Coronary heart disease is the leading killer of women and men in the United States. When blood vessels become too narrow due to plaque buildup, they cut off the circulation of blood and oxygen to the heart so the heart cannot function.
High cholesterol, which contributes to plaque buildup in your arteries, often has no noticeable side effects, but it eventually leads to symptoms and conditions associated with heart disease. Think: angina pectoris (chest pain), cardiomyopathy (losing the ability to pump blood and beat at a normal rhythm) and myocardial infarction (heart attack). If you have a congenital heart defect, your child could have up to a 50 percent risk of having the same defect. Cardiovascular disease also comes with a genetic risk, though researchers are unclear about exactly how much.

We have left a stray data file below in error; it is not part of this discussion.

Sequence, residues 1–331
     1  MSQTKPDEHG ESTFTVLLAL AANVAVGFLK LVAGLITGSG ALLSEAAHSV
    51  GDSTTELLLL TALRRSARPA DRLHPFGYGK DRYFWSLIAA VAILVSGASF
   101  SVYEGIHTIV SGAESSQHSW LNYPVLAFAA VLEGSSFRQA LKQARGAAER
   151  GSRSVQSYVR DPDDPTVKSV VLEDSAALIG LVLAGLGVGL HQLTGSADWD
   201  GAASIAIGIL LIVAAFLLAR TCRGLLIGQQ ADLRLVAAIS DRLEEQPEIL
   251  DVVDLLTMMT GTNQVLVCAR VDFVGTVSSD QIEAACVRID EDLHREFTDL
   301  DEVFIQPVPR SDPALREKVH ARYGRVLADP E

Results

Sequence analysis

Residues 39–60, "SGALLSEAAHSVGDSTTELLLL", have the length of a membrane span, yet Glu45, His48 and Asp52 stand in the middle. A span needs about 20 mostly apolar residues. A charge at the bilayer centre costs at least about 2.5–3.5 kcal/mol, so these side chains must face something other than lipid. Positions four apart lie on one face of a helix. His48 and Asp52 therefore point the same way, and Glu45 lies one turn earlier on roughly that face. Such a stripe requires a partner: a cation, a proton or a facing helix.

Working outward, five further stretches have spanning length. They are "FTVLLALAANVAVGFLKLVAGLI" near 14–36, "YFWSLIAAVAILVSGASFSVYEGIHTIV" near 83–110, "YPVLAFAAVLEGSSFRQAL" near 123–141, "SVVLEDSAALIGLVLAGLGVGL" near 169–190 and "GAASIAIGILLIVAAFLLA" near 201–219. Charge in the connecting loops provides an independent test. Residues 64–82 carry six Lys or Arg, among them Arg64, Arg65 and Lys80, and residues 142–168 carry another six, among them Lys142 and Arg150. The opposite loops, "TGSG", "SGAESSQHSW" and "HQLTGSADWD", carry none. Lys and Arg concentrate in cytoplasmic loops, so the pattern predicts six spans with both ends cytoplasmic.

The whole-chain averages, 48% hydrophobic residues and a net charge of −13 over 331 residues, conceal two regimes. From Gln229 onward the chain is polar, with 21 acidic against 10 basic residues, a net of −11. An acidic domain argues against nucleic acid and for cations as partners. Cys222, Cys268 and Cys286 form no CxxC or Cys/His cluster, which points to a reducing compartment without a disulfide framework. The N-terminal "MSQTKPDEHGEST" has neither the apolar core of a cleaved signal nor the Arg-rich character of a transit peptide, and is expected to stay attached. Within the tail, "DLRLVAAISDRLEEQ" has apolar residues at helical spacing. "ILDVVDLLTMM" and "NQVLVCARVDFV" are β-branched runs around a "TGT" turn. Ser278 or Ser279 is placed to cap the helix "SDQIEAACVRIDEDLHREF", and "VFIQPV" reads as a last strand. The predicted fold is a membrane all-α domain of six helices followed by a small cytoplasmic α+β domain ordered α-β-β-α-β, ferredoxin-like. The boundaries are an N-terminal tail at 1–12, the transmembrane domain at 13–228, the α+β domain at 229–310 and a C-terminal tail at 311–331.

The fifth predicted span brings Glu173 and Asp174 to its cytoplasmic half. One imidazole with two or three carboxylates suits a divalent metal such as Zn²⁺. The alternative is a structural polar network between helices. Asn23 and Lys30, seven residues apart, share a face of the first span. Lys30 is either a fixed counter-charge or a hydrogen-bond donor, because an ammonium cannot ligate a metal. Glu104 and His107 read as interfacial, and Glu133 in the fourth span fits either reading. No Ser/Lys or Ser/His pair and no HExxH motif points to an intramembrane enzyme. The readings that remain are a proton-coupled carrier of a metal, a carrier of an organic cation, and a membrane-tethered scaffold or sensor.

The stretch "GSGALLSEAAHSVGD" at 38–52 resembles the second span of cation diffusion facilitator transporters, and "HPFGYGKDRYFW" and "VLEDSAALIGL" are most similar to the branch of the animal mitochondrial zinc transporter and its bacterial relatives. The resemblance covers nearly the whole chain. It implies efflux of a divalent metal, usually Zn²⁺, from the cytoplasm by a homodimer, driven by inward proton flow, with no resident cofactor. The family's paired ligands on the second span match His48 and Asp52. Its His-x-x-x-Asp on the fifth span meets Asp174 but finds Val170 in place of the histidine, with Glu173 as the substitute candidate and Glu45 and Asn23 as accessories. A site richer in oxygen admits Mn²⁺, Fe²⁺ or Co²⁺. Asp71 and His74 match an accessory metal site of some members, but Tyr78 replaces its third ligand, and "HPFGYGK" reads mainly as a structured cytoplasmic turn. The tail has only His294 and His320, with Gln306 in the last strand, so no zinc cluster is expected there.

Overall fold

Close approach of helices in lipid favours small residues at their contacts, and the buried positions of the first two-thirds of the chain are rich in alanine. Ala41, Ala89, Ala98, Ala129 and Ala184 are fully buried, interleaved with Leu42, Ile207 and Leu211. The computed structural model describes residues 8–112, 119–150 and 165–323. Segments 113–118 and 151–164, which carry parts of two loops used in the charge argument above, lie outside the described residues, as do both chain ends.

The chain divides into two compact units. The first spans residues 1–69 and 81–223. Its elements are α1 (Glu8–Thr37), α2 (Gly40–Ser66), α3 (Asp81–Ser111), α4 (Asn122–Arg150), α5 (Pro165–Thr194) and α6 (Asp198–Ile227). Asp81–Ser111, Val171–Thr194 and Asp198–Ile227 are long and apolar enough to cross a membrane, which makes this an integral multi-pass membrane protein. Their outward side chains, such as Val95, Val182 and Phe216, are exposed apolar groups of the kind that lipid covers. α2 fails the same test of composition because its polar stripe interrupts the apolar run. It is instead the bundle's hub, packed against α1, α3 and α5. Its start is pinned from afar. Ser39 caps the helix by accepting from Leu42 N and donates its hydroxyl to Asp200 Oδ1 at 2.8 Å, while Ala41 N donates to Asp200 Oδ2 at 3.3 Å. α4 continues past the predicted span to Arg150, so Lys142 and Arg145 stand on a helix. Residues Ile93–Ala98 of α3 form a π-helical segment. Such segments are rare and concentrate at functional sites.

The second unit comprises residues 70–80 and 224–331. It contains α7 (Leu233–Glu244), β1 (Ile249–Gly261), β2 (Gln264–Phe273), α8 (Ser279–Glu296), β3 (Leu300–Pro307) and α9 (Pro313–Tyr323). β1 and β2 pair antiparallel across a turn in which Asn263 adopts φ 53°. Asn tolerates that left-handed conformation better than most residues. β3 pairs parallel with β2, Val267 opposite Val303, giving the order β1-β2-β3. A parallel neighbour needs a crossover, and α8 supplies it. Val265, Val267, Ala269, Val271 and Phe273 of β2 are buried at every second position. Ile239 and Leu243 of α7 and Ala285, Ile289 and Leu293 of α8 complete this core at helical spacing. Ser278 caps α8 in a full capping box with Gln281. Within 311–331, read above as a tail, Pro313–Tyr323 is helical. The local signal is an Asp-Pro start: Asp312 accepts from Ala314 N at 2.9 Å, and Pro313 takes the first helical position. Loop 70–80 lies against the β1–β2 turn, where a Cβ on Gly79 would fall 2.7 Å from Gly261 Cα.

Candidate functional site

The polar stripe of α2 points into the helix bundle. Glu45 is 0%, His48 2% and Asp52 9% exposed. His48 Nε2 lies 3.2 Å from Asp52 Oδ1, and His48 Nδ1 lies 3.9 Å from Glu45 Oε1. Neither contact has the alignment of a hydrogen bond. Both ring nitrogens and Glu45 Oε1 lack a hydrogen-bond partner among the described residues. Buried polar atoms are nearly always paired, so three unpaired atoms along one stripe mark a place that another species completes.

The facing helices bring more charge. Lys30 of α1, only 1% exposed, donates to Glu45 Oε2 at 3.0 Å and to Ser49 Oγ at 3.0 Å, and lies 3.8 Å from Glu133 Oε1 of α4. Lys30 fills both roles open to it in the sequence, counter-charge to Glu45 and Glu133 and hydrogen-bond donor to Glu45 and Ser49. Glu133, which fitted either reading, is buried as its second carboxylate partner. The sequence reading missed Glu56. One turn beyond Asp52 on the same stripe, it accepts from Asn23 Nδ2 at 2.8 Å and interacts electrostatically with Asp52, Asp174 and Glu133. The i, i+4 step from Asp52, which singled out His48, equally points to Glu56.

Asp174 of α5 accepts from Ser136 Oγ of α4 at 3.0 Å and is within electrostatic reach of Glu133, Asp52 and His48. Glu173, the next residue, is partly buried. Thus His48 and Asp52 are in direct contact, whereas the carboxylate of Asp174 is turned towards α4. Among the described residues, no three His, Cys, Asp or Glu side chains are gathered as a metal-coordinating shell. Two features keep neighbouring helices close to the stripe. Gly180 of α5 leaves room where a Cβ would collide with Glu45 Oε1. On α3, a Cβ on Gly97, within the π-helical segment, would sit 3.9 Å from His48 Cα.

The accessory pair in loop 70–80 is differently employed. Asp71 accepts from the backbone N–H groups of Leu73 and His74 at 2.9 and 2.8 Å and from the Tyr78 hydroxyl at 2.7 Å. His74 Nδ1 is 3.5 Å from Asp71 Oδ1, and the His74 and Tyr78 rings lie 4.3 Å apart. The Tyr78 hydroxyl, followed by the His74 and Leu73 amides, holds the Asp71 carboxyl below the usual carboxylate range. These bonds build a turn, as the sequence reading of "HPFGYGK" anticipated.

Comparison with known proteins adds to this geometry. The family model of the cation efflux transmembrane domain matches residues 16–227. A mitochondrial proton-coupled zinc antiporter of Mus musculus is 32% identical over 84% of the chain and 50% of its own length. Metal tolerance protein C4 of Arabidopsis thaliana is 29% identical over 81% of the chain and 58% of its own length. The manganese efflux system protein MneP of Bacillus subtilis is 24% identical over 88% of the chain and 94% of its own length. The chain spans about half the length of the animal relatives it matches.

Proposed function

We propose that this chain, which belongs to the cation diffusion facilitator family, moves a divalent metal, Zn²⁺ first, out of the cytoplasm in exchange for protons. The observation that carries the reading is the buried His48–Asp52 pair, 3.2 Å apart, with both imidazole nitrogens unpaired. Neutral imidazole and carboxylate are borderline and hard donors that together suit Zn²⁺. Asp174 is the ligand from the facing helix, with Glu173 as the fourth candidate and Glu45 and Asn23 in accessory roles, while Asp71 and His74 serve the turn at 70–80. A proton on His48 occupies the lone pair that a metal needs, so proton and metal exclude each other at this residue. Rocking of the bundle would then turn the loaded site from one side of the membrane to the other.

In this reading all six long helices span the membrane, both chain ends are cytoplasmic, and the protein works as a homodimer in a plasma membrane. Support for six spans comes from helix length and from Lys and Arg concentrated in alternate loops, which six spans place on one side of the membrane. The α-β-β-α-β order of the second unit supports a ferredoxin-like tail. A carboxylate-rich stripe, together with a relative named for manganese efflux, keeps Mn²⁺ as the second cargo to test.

If someone in your family has or had heart disease...
A note on strokes: They may be a symptom of genetic disorders like CADASIL (Cerebral Autosomal Dominant Arteriopathy with Sub-cortical Infarcts and Leukoencephalopathy, the most common genetic cause of stroke). According to the National Institute of Neurological Disorders and Stroke, this is caused by a genetic mutation that thickens blood vessel walls in the brain and cuts off blood flow. If your parent had CADASIL, you have a 50 percent chance of inheriting the disease.
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